In Eight Steps to Happiness Geshe-la says "'Self' and 'other' are relative terms, rather like 'this mountain' and 'that mountain ... 'This' and 'that' therefore depend upon our point of reference. This is also true of self and other. By climbing down the mountain of self, it is possible to ascend the mountain of other, and thereby cherish others as much as we presently cherish ourself."

Monday, December 30, 2013

Gen-la Dekyong in Vacouver Jan 22-6

The Western Canada Dharma Celebration is next month in White Rock, B.C. Gen-la is also giving a public talk Thurs the 23rd at 7pm, and opening their Centre the day before that at 6pm.
Many of us from the Pacific NW are hoping to attend, and I expect there will be carpools if you need a ride from Seattle.

Saturday, December 28, 2013

Busy Treating Side Effects

Just wanted you to know I am having a bunch of nuisance side effects that are familiar from previous rounds of chemo but take up a lot of my day, which is already shortened from ongoing fatigue.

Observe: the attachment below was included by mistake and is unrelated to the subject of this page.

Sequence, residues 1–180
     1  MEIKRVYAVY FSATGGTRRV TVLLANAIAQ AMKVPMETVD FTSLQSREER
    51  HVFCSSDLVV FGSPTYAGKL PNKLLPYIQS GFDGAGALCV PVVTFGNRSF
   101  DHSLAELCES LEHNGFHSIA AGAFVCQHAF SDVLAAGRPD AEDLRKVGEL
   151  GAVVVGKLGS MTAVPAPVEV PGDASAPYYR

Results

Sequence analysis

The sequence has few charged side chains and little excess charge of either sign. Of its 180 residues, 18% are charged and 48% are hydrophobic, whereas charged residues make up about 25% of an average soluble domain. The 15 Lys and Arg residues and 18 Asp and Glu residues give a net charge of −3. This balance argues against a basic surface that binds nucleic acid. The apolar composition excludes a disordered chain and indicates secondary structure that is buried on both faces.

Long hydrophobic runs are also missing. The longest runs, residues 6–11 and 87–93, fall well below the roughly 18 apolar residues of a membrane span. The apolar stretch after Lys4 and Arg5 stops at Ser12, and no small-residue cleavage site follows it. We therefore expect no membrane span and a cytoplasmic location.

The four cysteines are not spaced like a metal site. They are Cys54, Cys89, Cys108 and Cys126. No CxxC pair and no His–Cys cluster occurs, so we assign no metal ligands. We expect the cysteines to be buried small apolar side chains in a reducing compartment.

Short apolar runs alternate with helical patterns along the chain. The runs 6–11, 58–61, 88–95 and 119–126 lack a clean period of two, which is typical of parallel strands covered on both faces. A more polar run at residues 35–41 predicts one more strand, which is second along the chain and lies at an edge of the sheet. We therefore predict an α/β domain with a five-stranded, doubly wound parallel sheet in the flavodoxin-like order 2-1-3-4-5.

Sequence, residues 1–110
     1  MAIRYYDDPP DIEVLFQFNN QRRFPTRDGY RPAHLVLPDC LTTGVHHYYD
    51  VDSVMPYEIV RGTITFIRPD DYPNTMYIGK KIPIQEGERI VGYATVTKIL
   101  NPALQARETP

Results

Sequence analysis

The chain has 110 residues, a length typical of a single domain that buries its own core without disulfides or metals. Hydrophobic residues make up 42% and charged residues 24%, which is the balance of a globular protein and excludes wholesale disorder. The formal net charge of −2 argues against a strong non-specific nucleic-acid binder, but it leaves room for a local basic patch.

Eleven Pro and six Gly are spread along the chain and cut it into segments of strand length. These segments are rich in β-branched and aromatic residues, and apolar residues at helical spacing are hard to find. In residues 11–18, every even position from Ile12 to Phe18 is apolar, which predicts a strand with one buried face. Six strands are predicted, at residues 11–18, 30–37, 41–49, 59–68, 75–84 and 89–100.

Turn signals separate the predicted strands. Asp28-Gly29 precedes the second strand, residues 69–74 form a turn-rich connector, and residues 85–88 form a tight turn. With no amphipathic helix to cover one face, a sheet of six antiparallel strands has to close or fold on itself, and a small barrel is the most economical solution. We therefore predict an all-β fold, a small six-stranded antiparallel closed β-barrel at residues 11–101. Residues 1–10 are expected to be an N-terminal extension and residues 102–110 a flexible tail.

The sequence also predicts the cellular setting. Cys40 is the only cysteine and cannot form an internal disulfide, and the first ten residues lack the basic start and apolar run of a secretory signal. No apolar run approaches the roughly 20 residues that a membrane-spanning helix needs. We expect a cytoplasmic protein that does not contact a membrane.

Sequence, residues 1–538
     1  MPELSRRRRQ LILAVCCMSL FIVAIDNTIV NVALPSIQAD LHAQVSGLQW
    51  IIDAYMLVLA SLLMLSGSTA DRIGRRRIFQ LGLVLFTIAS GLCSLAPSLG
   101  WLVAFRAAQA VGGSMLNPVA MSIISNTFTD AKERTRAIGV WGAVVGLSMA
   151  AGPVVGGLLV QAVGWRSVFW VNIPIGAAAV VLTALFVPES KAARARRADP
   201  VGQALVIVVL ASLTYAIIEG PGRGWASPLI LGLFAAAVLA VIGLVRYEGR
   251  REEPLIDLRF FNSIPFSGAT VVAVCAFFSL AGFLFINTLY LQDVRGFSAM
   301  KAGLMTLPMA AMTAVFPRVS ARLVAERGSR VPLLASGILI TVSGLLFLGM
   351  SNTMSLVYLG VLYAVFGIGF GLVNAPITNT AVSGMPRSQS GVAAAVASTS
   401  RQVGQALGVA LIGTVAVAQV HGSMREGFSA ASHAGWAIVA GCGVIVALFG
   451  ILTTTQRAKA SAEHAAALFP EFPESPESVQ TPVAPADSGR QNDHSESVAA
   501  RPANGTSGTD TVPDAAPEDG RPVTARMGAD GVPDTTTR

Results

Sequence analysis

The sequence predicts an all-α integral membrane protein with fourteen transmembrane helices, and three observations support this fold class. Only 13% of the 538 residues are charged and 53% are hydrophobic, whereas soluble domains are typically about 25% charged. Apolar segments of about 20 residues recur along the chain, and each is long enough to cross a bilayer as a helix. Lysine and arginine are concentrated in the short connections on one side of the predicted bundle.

If I don't post for a week or two, it's likely because I'm focused on treating the side effects and the side effects from treating the side effects. (My doctor thought the mouth infection was a side effect of the drug that in other ways prevents side effects - and has other beneficial qualities - although the infection can also be linked to my chemo drug. Samsaric medicine! Now that I am on a 4-week chemo schedule, rather than the 3 weeks out of 4 schedule I was on for a few years, I only take that drug for a week. One less thing to keep track of for the moment.)

If you are curious about my current days as a cancer patient, here are a few details.